Basketball great Kenny Anderson made over $60 million playing in the National Basketball Association, yet declared for bankruptcy protection in 2005. In the new film “Mr. Chibbs,” you learn the sometimes complicated reasons why, and get an intimate look at what his life is like now.
Considered the best high school guard in the country at Archbishop Molloy High School in New York in 1989, Anderson would go on to play two years at Georgia Tech before being the No. 2 overall pick by the New Jersey Nets in the 1991 NBA draft.
While earning millions in the NBA between 1991 and 2005, he gave money to the three women he had children with. He gave child support for his seven biological children. He gave money to friends who said they needed help to pay the rent. And he gave a lot of money to his mother.
“No one stole my money,” Anderson, now 46 years old, says in the film. “My mother, may she rest in peace, had a carefree life for 20 years. I spoiled my mother to death. I didn’t know how to say ‘no.’”
The documentary film is called “Mr. Chibbs” because it’s the nickname his mother gave him when he was a few minutes old.
When he was brought to his mother’s bed in the hospital, she reacted by saying “Cheeks!” upon seeing baby Kenny. But it sounded like “Chibbs!” because she was eating. And the nickname stuck throughout his life. “My mother was sarcastic,” he adds, saying that as he got older, “when I felt I was important, she would say, ‘All right, Mr. Chibbs.’”
It’s an apt name for the film, since her influence on him was so strong.
“There was a lot of craziness dealing with him,” DJ Spinderella says in the film. “Everything about him was his relationship with his mother.” She and Anderson dated and had a child together while he played for the New Jersey Nets and she was in the group Salt n’ Pepa in the early 90s.
See: Meet the NFL mom determined to stop her son’s finances from being sacked
His home life was difficult when he was a child. He was raised in a single-parent home by his mother and was once sexually abused by an older man in the neighborhood. And even though he was a star basketball player at a young age, he would spend as much time as he could at the gym and library so he could be in his bedroom as little as possible. That’s because he shared it with his mother and her boyfriend.
But she would become the most influential person in his life.
“I wanted to go to Syracuse University, but my mother went to visit Georgia Tech with me, and on the way home she said: You’re going to Georgia Tech. Coach Cremins will take care of you,” he says in the film.
When Anderson’s mother died in 2005, he made a pact with himself to stop playing in the NBA. “My mother saw my whole career. I ain’t playing basketball no more,” he says in the film, remembering what he went through in 2005. “I was so numb. It was just bad. Everything was bad. I was just numb,” he reflects in the film.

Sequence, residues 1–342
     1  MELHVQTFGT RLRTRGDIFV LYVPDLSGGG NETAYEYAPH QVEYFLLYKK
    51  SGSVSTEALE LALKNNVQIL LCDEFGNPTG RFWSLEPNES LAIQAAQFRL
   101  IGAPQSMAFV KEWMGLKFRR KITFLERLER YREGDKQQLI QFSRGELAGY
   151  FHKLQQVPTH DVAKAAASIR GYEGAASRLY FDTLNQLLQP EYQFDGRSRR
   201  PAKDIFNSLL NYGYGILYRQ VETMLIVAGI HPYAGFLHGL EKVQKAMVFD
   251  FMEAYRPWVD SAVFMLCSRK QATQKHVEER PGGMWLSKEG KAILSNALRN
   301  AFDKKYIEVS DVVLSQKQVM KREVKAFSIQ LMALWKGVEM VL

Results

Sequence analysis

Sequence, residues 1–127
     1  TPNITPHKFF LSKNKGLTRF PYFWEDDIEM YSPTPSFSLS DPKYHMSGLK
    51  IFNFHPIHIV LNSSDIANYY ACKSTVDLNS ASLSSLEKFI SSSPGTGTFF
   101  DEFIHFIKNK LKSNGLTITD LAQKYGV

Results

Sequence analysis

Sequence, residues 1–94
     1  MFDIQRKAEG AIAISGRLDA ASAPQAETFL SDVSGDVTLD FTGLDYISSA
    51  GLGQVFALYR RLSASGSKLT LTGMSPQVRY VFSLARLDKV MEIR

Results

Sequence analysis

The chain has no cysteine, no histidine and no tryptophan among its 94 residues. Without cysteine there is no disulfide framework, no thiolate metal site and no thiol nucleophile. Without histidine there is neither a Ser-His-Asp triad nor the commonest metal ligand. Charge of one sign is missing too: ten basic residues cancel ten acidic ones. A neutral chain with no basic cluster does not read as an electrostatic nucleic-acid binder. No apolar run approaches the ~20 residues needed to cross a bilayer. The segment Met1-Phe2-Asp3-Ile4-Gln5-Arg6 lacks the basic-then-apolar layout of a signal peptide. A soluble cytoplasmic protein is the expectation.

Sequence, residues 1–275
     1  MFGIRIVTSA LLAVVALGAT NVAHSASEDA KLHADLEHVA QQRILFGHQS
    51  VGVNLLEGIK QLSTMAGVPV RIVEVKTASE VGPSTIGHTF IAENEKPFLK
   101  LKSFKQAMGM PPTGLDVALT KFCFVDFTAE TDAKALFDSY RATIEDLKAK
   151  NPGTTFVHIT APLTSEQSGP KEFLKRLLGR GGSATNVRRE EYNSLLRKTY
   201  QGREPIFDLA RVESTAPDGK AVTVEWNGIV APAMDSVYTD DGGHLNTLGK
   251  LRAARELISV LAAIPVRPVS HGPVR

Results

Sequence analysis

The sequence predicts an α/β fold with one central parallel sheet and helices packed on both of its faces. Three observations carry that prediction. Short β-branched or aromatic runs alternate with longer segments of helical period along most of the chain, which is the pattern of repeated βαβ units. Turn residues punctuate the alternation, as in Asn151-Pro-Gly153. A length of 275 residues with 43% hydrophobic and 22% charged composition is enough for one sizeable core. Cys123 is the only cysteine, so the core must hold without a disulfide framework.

He’s learned a lot of life — and money — lessons since then.
“My lifestyle is simple now. My house and cars are paid for. You live and learn. I thank God I can have a comfortable life,” he told MarketWatch two days before the movie’s New York City premiere.
“I’m not reckless now. I’m very frugal now, like I should have been back then,” he added.
Barry Greenstein, who produced the movie and has known Anderson for many years, told MarketWatch, “The only person I’ve ever seen him buy a meal for is my daughter.” He also said he was recently in Atlantic City with Anderson and offered to give him some money to gamble with, “and he wouldn’t gamble one dime.”
Anderson, for all his spending and generosity, has always been reluctant to put his money toward anything he doesn’t understand. Even when he was making millions in the NBA, he was nervous about letting anyone invest his money, he told MarketWatch.
Also see: Veteran NFL players offer financial advice to rookies
He only has an inner circle of a couple of guys when it comes to money advice. The same guys he’s used since his NBA days. Back then, he said he didn’t listen to them. But now he does.
“My mother controlled me. I spoiled her. She didn’t understand about money.”
Also see: Financial advice from an NFL player whose mom demanded he give her $1 million
Even now, he is still waiting to invest his money. “It’s hard for me to hand over $100,000 for someone to invest.”
He now lives on some trust funds his lawyer set up for him years ago, and he will get his full NBA pension when he turns 50.
Why did he make the movie? “I was an All-Star, but hey, I’m human. I have problems also,” he told MarketWatch. “I was up on the platform. I was a celebrity. Maybe people will listen to me.” He added that if the film helps save even one or two troubled kids, it was worth it.
The movie will play at New York City’s IFC Center May 3-9, and will show in other cities afterward.